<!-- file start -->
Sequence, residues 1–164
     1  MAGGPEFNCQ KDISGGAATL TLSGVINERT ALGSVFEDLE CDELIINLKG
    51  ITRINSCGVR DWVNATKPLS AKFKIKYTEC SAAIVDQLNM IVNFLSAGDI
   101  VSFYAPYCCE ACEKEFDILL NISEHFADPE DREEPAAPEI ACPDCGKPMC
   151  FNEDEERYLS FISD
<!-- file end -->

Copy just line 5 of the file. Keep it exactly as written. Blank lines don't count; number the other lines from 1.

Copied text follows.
   151  FNEDEERYLS FISD